Genetic aspects of vitamin D receptor and metabolism in relation to the risk of multiple sclerosis.Gen Physiol Biophys 2013; 32(4):459-66GP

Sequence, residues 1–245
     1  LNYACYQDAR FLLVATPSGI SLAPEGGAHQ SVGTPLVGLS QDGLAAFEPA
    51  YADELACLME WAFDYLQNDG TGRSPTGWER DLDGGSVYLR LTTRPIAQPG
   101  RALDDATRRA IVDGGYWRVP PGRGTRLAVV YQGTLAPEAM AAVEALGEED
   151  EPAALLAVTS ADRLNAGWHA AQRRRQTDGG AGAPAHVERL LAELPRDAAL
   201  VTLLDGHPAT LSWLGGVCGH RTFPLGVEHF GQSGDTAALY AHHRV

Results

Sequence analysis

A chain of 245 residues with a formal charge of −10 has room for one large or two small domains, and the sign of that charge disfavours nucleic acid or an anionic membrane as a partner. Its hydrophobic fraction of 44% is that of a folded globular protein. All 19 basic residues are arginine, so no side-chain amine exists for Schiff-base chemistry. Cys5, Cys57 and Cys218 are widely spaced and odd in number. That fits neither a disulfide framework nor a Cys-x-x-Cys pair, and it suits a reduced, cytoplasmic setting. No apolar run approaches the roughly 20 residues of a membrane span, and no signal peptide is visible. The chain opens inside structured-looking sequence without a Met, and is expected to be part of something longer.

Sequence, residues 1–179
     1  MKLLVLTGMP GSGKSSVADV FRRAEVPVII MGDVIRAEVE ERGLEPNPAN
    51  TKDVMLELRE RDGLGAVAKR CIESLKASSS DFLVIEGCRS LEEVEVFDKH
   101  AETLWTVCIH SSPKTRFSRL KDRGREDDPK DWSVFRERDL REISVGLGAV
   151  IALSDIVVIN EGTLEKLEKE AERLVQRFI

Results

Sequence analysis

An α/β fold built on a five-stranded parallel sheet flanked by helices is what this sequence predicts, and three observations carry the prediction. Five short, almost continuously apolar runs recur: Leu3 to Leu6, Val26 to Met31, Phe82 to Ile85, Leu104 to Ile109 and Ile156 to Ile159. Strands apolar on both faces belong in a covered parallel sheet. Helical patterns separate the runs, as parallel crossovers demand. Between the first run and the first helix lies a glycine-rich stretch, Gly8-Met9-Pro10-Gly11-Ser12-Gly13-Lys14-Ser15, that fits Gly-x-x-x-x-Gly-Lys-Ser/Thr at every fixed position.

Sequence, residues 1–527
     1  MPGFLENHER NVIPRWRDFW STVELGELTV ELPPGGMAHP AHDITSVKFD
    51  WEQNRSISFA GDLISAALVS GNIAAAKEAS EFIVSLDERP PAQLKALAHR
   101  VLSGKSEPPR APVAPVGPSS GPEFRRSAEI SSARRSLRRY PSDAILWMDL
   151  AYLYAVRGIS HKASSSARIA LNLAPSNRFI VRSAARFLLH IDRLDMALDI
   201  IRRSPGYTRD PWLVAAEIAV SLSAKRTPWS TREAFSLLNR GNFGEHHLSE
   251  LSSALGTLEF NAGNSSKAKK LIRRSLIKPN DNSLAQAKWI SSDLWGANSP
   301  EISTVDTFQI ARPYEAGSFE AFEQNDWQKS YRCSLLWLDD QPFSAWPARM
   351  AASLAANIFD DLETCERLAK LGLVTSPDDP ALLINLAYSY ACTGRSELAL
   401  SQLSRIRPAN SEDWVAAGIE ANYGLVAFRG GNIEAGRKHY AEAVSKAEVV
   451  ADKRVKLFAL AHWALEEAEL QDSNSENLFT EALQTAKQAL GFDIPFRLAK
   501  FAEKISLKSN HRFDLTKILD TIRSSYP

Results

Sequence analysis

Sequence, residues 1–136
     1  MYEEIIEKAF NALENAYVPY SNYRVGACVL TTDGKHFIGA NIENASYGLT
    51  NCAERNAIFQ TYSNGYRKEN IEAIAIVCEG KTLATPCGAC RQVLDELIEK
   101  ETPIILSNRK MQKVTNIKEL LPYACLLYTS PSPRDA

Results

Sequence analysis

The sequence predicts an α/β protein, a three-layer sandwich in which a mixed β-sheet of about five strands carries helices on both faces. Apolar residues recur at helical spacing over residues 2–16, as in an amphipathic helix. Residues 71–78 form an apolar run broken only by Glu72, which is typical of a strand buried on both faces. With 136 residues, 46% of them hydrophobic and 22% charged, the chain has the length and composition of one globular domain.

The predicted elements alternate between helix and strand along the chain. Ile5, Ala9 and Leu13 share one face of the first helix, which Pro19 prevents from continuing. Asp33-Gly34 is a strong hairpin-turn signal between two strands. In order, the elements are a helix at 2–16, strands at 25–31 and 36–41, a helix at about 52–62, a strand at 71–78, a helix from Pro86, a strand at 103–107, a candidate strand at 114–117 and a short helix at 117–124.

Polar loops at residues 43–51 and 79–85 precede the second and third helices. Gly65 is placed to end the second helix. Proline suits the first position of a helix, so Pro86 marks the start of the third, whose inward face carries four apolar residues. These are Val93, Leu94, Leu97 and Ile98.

Recent findings suggest that polymorphisms in vitamin D pathway genes are candidates for association with multiple sclerosis susceptibility. It has been now well demonstrated that vitamin D has immunomodulatory functions that may be favorable for reduction of multiple sclerosis risk. Current research has been focused on identification of new variants of genes involved in vitamin D pathway, namely in vitamin D receptor and enzymes of vitamin D metabolism. These variants have been intensively studied as possible genetic predictors of both vitamin D levels and the risk of multiple sclerosis. Considering the findings available up-to-date, we may recognize two groups of genetic variants. The first group of genes was found to predict vitamin D levels but not the risk of multiple sclerosis. The second group of genetic variants is represented by promising genes predicting vitamin D levels as well as the risk of multiple sclerosis. A strong association with increased risk of the disease has been observed for a rare variant in the CYP27B1 gene encoding a vitamin D-activating enzyme. Observed interaction between genetic and epidemiological findings brings the rationale for supplementation trials of vitamin D. Although promising effects of vitamin D supplementation have emerged, the results obtained so far are inconclusive and the real therapeutic significance of vitamin D supplementation remains to be elucidated.